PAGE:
August 18, 2022
Was your website created before 24 March 2022?
If the answer’s yes, there’s a new domain name option you need to know about and it could be a big deal for your business brand.
It’s called a direct domain and it ends in .au
What’s .au direct domain?
.au direct launched in March this year and according to auDA, the not-for-profit organisation that oversees domain name rules in Australia, they’re shorter and simpler.
auDA also says the introduction of .au in reflects the global shift towards direct domains with several countries now using them including the United Kingdom (.uk), the United States (.us) and New Zealand (.nz).
.au is a new addition to the categories of existing Australian open namespaces members of the public can register like:
Certain criteria, like business type and purpose, need to be met to use one of the open namespaces above.
What sets this new .au direct domain name option apart is that any individual or organisation, with a proven connection to Australia, can register for one.
Here’s the good news about .au
If your website was created before 24 March 2022 and ends with an .au open namespace, you must apply for priority status to register the exact match of your website’s name as a .au direct domain.
What this means is that your .au direct name is effectively on hold until you decide to register it.
But the clock is ticking.
You must apply before 20 September 2022.
What you can do to secure your .au domain
Enter your current domain name into the auDA’s priority status tool.
You’ll be able to check if your current domain name is reserved for priority allocation for .au direct.
You can also see if anyone else is eligible to use the same .au direct name you want to register.
If you’re the only one that holds the au. direct name, you’ll need to apply for priority status to register your exact match before 20 September 2022.
In cases where another party is eligible to use the same .au direct name as you, the .au direct name becomes contested.
According to auDA, contested names are rare and the double up occurs when different individuals, or organisations, share the same business name but are registered in different open namespace categories.
In situations where multiple parties want to use the same .au direct name, it becomes a question of who takes greater priority.
You can learn more about auDA’s process for resolving contested names on its website.
Here’s the bad news about .au
Do you have to purchase an .au direct domain name? No.
Do we recommend purchasing one if you want to grow your brand presence online? Yes.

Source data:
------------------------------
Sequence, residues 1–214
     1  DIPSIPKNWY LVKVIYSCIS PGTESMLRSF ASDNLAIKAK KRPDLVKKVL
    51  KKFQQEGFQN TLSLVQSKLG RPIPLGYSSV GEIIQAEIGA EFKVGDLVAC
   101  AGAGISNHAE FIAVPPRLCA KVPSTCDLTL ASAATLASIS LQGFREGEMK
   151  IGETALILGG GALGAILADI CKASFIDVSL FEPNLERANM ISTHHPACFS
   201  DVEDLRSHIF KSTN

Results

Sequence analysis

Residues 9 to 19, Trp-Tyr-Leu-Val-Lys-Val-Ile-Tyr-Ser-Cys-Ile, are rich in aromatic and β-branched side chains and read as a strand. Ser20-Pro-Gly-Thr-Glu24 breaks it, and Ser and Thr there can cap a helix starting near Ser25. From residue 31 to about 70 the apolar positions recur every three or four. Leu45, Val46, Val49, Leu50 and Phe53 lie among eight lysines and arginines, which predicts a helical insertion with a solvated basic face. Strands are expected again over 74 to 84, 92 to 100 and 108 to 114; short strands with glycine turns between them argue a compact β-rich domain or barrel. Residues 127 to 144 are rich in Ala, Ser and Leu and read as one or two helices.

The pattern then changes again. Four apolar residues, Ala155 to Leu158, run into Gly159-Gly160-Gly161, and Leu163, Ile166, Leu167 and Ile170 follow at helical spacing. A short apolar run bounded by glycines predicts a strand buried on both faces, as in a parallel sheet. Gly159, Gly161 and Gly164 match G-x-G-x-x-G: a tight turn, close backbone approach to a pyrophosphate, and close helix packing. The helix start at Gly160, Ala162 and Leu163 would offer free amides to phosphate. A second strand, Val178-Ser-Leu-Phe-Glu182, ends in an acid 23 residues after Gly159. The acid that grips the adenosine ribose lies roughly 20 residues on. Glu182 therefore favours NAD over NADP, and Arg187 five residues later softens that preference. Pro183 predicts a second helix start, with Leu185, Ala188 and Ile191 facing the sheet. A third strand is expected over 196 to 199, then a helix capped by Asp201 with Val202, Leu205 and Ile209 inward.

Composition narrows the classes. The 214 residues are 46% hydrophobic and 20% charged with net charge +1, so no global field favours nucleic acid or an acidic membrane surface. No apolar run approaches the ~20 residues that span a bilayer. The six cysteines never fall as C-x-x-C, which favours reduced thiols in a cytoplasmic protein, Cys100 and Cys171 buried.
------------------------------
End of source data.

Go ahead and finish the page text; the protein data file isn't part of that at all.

If you don’t secure your exact match .au direct name before 20 September 2022 deadline, the brand you’re working so hard to build could potentially hit a major roadblock.
The reason why is because from 20 September, it will become publicly available and you run the risk of someone else purchasing the .au direct domain and using the same business name as yours.
If this happened, you could end up with a branding problem on your hands.
Take this hypothetical example:
The Works is an Adelaide-based fireworks and special effects business and is the leading supplier in South Australia.
The company registered the domain name theworks.com.au in 2005.
The business has spent the past 17 years building its brand online and invests a substantial amount of its annual marketing budget in search engine optimisation and search engine marketing.
The company fails to secure theworks.au before 20 September 2022 and continues to operate with its existing domain theworks.com.au.
On 20 September 2022, the .au direct domain name becomes publicly available on a first-come, first-served basis.
The Works Burger Company, based in Sydney, sees that theworks.au domain is available and purchases it.
We now have a situation where two websites, owned by two different business, share pretty much identical domain names but offer completely different products or services:
- com.au is the domain for the fireworks and special effects business
- au is the domain for the burger company
Can you see how this situation could create real confusion for online customers and potentially dilute a brand online?
What could end up happening in this hypothetical example is that consumers looking to buy fireworks might end up on the burger website.
Just as people looking for burgers online may land on the fireworks website.
Either way, they’re not finding the information they want.
This could impact a brand’s online presence and has the potential to increase the websites’ bounce rate.
Google doesn’t like websites with high bounce rates which means sites could experience a drop in their search engine ranking.
Google is yet to make an announcement relating to .au direct domains so we’re watching this space.
But if there’s one key take away its this: register your exact match .au domain name before someone else does.
Here’s some more good news about .au
You don’t have to work through this alone and we can help if you don’t have the time.
We’re right across the addition of .au direct to the Australian domain name mix and have just been through the process of securing ours.
Contact us if you’re serious about protecting your IP online and let’s keep building your brand.